in reply to CGI::Simple vs - Is twice as fast good enough?

However you want to look at this data it equates to being able to handle a lot more requests on the same server. To change from CGI to CGI::Simple is a one line change as the interface is identical.... Is it worthwhile considering? For me yes, for you who knows?

I think it is very much worth considering, if you (like me) usually use only the methods also in CGI::Simple. It can mean that your site is put to better use, more happy users due to speed-up, and in theory can save costs due to not needing to upgrade. Well, no I don't really believe that to be true on account on just this change, but who knows? This, together with other optimizations can very well amount to this.

I also believe in doing things faster and better when it is worth it. Changing just one line in each script (a job for perl?) and gain that sounds very good to me. And I just can't see how it would hurt (unless your module is broken, of course).

Or maybe it is just my old days as a C=64 hacker that keeps on liking any optimization that can be done. Those were the days... :) Although I still withstand that some of the same thinking is good, and needful, for succesful web programming. Anyone who has visited (or failed to) a bogged down site should agree.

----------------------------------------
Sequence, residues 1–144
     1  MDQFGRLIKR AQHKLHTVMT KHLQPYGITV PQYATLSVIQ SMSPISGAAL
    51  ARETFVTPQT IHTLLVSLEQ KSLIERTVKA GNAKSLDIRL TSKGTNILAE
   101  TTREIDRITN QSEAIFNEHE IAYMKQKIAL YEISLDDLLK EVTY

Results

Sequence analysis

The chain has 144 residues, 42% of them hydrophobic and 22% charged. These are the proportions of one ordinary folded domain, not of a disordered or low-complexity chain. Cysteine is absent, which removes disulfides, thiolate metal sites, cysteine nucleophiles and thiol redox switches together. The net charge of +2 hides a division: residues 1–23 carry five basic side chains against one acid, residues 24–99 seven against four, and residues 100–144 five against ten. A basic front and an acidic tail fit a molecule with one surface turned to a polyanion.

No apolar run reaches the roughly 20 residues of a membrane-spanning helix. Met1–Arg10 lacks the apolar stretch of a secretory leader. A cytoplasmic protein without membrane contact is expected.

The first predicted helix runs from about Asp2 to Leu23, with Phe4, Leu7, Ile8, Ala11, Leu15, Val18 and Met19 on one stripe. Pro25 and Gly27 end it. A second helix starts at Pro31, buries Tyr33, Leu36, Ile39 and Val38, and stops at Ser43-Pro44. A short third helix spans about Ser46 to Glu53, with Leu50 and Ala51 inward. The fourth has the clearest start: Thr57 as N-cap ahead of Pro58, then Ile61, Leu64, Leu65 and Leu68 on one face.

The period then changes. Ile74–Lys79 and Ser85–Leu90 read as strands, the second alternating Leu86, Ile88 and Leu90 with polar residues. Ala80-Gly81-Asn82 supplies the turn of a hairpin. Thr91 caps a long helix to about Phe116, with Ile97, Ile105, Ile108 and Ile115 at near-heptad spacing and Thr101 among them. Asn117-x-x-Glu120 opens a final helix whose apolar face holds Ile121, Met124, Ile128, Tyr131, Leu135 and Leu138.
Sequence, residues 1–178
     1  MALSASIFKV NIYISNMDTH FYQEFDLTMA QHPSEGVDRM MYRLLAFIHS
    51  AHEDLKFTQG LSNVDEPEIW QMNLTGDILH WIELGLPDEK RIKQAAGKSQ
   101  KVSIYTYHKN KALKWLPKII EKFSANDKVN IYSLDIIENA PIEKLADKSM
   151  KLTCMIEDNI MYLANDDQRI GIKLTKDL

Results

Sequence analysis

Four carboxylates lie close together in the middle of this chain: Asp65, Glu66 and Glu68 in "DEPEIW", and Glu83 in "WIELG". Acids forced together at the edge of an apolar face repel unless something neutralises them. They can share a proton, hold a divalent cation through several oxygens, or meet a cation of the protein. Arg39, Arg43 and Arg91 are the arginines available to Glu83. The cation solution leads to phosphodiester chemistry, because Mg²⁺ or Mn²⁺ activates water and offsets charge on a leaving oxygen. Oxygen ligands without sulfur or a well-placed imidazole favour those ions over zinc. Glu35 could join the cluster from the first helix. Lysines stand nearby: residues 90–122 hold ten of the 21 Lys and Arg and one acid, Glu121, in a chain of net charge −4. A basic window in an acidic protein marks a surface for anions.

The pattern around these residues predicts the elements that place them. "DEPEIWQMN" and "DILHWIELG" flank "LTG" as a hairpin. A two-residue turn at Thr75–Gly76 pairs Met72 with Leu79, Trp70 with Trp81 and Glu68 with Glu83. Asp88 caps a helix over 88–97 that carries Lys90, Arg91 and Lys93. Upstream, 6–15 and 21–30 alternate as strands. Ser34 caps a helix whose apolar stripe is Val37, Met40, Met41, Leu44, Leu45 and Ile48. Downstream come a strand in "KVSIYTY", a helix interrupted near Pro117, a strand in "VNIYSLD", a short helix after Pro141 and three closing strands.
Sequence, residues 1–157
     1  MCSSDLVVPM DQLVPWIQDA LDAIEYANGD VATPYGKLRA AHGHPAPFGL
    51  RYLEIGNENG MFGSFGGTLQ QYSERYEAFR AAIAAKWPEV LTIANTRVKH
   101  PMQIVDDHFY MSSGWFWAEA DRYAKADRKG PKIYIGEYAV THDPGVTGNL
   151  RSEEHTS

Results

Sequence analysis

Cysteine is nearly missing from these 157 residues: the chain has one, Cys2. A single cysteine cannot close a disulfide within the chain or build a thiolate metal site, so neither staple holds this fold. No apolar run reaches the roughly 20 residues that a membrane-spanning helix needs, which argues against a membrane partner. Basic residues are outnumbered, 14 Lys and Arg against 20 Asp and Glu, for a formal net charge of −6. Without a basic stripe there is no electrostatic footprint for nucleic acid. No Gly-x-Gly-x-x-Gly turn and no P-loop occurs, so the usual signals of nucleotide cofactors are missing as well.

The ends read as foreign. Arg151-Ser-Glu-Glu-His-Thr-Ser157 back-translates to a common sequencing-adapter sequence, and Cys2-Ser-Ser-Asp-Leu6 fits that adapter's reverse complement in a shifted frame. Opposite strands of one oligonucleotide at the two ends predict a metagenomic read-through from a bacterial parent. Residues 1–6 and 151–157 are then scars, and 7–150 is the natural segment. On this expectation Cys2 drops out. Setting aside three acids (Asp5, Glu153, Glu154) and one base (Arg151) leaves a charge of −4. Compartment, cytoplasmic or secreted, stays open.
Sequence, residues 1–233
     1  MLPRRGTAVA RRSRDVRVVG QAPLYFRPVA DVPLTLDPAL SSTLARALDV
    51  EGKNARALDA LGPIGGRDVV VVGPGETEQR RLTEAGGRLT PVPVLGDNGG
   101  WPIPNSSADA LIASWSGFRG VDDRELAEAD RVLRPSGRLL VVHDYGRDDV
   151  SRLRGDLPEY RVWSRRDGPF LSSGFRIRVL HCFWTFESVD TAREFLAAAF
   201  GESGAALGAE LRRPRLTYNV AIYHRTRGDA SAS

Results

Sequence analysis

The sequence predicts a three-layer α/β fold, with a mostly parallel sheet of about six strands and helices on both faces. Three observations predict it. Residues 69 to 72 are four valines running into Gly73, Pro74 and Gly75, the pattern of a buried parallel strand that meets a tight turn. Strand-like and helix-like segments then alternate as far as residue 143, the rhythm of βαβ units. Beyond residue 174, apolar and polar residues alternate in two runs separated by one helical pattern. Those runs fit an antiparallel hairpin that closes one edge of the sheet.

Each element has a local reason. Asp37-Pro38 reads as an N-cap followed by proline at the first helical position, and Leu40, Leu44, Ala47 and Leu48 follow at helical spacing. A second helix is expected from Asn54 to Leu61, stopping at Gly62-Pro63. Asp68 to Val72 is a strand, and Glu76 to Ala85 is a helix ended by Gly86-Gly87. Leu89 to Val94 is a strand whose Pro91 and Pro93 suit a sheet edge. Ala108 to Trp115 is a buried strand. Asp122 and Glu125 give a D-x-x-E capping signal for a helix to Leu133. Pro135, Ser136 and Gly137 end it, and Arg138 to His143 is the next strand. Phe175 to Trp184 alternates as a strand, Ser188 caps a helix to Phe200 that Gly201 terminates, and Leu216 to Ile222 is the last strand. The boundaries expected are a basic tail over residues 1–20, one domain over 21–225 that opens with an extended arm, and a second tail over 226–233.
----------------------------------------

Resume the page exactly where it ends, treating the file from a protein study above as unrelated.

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Re: Re: CGI::Simple vs - Is twice as fast good enough?
by tachyon (Chancellor) on Feb 16, 2002 at 19:35 UTC

    unless your module is broken, of course

    This is of course a grave concern. I am fairly confident that it is not too broken and somewhat reassured that it runs the test suite as well as a large number of unit tests. I wrote unit tests (well actually I wrote a perl script that wrote stubs for most of them) for every function in void, scalar and array context so the test suite is extensive.

    I have checked the install under Win95, 98 and NT and Linux Redhat and Mandrake and FreeBSD and it installs fine.

    Despite this any QA specialist will tell you there is always another bug, indeed Ovid has already found a blatant one (under mod_perl). I am hopeful that some of the monks who run development servers may consider the speed benefit worthwhile to experiment with it. It is only through widespread testing that you can truly start to feel confident that a piece of software is really stable.